Threat or treat: on RCEP trade deal
Threat or treat: on RCEP trade deal. The Regional Comprehensive Economic Partnership (RCEP) is a mega-regional economic agreement being negotiated since 2012, between ASEAN and Free Trade Agreement (FTA) member partners.And the Partnership (RCEP) was signed into existence on Sunday by 15 countries led by China, Japan, South Korea, Australia, New Zealand and the 10-state ASEAN grouping, creating one of the world’s largest trading blocs. Noticeable by its absence was India, which after seven years of protracted negotiations decided last November to exit the grouping. Threat or treat: on RCEP trade deal.
The RCEP negotiations were launched between the Ten ASEAN member states and six ASEAN FTA partners during the 21st ASEAN Summit and related summits in Phnom Penh, Cambodia in November 2012.Given that the RCEP members now account for about 30% of the global GDP and a third of the world’s population, the signatory states were emphatic that the timing of the accord presents a unique opportunity to support their economic recovery, inclusive development and job creation even as it helps strengthen regional supply chains.
It’s like a RCEP to achieve a modern, comprehensive, high-quality, and mutually beneficial economic partnership agreement among the ASEAN Member States and ASEAN’s FTA partners. its about With global trade and the economy foundering on the shoals of the COVID-19 pandemic, especially as new infections in Europe and the U.S. prompt fresh restrictions there, the pre-eminence of the east Asian and Pacific countries including China, South Korea, Vietnam, Australia and New Zealand serving as a bulwark in containing and the pandemic and re-energising economic activity can hardly be understated.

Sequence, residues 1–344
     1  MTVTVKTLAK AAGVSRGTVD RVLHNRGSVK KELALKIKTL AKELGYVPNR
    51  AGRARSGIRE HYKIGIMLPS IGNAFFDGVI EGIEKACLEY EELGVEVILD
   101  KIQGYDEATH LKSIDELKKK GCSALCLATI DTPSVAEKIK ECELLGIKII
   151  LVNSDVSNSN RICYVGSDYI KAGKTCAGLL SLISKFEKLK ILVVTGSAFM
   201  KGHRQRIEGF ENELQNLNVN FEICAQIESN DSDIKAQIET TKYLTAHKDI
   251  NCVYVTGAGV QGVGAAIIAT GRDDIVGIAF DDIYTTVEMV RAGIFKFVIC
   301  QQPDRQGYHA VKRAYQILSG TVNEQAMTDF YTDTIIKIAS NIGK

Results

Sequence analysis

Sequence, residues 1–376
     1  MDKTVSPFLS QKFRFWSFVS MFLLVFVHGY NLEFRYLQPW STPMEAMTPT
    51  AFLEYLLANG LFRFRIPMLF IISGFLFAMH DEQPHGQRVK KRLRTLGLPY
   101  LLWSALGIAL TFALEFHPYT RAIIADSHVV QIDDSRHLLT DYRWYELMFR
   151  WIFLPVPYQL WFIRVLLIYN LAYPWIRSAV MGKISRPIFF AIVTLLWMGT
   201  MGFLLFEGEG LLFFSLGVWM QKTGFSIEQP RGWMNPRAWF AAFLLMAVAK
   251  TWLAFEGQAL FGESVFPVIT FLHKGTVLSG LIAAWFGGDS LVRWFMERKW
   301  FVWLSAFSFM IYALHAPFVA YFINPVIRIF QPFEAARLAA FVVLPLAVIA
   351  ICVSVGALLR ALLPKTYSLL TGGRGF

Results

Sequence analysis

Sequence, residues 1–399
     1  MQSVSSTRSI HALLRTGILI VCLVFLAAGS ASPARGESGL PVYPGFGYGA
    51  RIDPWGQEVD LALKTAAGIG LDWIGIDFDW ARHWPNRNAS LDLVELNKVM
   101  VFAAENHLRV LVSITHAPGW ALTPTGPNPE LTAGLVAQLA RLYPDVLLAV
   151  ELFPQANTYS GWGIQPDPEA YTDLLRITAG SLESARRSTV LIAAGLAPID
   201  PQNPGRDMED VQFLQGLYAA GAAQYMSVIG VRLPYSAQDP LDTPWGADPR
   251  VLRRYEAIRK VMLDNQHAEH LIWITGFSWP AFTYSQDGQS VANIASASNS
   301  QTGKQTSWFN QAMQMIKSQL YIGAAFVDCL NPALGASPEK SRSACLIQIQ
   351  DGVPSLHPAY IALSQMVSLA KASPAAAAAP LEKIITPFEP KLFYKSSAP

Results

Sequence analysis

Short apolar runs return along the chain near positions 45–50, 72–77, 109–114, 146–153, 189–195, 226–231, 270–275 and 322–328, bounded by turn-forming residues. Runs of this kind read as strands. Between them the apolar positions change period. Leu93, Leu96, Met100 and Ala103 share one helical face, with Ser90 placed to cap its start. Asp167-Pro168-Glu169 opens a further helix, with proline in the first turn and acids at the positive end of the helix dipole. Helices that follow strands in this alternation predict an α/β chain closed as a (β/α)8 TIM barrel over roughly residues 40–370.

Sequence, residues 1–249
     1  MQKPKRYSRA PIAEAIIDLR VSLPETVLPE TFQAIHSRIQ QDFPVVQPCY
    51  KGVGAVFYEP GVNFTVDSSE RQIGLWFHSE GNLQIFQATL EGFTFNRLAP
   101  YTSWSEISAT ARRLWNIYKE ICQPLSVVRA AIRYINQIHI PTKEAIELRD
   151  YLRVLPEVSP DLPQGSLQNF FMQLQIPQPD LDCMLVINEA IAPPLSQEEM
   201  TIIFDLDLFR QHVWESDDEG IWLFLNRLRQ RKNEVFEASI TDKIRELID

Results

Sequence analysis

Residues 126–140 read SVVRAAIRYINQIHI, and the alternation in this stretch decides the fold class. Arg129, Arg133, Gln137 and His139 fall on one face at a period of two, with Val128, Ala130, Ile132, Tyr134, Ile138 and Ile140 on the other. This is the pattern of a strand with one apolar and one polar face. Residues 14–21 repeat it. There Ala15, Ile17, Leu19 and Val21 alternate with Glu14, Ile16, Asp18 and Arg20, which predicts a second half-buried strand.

After all the analysis the summary of the final agreement shows that the pact does cover and attempt to address issues that India had flagged including rules of origin, trade in services, movement of persons and, crucially, remedies and safeguards. Acknowledging India’s economic heft and value as a market, the RCEP members have not only left the door open should New Delhi reconsider its stance but have also waived a key 18-month cooling period for interested applicants. So we have to understand it and It would be in India’s interest to dispassionately review its position and embrace openness rather than protectionism.